AD: We seem to be living in a time when scholarship, at long last, is beginning to realize that "Christian" approaches to law and politics, in so far as they treat the East at all, must move beyond tiresome notions of "Caesaropapism." (I'm thinking here, e.g., of the recent three-volume collection, one volume of which was The Teachings of Modern Orthodox Christianity on Law, Politics, and Human Nature.) Where does your own forthcoming book, Ascent of Christian Law: Patristic and Byzantine Formulations of a New Civilization take the scholarly debate? What drew you to work on that topic? Why do you think there remains a very high level of interest today in studies on all aspects of Byzantium?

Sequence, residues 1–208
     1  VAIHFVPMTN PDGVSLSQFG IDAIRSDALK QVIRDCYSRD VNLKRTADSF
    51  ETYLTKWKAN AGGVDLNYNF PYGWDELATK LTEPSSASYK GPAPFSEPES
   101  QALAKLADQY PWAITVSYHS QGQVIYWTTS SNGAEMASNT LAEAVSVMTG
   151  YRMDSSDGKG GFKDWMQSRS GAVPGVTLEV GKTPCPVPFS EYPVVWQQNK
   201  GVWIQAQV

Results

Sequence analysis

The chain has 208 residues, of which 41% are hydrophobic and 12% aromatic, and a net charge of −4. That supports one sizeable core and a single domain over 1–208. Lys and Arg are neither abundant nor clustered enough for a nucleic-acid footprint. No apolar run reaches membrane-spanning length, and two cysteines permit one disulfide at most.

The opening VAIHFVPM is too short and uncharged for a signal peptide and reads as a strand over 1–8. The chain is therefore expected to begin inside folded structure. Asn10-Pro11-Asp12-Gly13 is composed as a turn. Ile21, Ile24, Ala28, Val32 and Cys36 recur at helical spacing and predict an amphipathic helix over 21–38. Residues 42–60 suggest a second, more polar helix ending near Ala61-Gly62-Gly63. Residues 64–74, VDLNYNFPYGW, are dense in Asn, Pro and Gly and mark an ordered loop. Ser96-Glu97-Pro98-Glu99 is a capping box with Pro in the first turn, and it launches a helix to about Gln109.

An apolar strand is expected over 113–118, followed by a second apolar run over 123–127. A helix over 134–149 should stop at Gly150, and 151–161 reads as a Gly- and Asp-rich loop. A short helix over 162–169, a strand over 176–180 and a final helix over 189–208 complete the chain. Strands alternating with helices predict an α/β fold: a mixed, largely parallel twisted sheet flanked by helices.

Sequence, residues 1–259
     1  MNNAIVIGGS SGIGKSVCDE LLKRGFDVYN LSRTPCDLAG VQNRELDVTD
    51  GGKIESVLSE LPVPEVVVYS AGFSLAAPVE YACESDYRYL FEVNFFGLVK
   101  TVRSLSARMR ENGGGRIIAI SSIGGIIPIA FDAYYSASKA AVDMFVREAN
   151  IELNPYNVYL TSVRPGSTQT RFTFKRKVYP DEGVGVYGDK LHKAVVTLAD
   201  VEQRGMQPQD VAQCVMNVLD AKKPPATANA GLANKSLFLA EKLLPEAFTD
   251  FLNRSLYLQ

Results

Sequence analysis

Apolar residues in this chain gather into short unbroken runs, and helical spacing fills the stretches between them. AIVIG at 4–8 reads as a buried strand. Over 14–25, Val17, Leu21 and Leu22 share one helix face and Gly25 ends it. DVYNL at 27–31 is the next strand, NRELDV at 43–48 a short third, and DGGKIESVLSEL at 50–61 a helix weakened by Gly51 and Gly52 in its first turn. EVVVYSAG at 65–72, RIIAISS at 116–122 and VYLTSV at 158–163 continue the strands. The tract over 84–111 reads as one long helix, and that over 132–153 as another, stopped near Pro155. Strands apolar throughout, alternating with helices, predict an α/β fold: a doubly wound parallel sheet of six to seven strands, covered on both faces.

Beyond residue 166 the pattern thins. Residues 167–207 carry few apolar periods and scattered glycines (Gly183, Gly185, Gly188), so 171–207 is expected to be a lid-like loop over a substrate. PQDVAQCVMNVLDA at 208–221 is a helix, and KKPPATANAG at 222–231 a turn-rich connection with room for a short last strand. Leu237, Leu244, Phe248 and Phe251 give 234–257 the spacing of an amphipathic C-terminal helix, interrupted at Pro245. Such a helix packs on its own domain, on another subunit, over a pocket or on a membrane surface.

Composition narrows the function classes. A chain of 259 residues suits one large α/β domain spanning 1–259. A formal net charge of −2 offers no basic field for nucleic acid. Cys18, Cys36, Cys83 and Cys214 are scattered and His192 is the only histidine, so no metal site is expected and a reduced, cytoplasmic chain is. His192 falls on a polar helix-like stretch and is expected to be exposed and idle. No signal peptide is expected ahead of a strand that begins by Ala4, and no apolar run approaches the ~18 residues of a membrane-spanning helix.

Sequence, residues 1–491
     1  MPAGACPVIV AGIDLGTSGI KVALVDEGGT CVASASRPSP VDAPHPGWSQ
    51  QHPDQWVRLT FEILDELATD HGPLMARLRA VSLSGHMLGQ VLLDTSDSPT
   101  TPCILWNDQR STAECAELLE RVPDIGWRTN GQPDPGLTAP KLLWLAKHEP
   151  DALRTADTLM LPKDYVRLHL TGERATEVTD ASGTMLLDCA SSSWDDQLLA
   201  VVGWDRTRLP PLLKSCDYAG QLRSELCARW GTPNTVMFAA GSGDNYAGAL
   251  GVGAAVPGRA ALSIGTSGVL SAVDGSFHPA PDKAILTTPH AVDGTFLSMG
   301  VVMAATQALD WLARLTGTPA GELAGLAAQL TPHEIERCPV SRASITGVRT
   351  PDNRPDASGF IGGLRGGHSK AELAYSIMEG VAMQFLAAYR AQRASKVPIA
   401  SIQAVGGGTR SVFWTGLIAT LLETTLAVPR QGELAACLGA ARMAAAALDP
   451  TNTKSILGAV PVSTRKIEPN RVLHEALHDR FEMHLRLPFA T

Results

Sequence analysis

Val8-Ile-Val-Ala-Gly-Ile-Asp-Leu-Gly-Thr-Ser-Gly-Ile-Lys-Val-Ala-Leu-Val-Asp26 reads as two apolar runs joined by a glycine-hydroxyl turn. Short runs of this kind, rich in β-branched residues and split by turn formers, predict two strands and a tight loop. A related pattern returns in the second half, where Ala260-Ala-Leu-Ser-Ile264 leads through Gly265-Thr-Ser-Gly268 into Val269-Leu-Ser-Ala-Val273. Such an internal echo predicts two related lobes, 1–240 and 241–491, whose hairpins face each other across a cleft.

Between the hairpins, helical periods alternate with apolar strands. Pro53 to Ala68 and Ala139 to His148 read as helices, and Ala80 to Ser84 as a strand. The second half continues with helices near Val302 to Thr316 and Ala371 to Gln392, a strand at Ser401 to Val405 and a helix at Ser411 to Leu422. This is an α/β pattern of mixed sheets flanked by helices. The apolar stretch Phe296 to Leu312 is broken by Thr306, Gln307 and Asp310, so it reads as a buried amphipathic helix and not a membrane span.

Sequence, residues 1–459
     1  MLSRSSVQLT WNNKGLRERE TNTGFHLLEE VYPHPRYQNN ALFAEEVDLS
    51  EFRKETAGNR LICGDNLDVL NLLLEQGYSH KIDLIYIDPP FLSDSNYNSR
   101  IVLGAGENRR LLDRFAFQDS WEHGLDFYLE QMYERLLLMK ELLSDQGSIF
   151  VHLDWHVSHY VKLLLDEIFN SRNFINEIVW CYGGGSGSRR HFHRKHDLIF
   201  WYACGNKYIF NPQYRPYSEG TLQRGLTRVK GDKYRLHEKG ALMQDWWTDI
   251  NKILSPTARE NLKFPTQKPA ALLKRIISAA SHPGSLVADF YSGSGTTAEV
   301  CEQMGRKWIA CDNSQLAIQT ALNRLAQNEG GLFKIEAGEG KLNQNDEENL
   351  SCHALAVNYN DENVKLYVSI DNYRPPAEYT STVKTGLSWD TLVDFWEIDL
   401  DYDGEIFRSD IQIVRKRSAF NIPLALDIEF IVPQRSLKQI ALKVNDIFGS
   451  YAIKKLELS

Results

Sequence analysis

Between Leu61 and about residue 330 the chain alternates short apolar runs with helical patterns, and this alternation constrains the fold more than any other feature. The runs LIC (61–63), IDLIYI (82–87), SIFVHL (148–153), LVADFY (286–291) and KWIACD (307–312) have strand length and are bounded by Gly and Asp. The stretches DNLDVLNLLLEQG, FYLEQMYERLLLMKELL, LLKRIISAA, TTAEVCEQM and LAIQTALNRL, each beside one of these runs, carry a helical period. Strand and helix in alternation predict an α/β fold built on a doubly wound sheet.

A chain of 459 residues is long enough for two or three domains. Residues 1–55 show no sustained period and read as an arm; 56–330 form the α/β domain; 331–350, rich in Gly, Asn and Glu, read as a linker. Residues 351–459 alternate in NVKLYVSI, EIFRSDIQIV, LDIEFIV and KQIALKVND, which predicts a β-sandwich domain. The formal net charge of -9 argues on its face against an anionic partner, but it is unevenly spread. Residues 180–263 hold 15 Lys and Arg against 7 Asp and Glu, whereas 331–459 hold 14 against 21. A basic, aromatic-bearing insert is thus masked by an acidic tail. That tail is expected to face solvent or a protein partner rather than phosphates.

I agree with you about scholarship needing to renew itself. It can start by reviewing  the many clichéd presuppositions and short-cuts it clings to in lieu of addressing the primary sources. Our recent times have seen a great revival of interest in Byzantine studies, and more generally the  culture of patristic thought, and the life and culture of the Churches of the East.  When one looks at the majority of texts dealing with, let’s say, Eastern Christian religious culture,  from an earlier academic age, however, one is too often appalled by the undigested level of prejudices, false informations, and plain silliness one finds. One of the worst examples of all, I would suggest, is Donald Attwater’s books on the Eastern Churches. But even sharper scholars like Dvornik had an awful lot of silly things to say about the analysis of Byzantine subtleties of theology and politeia. His term "caesaropapism" has had a detrimental effect. So much of western scholarly attitudes to Byzantium up to the late 20th century were full of prejudices distilled from Gibbon’s Decline and Fall. They are often blind to the real balances and subtleties that a close reading of the primary texts reveal. But you know what they say: “Why let the facts stand in the way of a good theory?"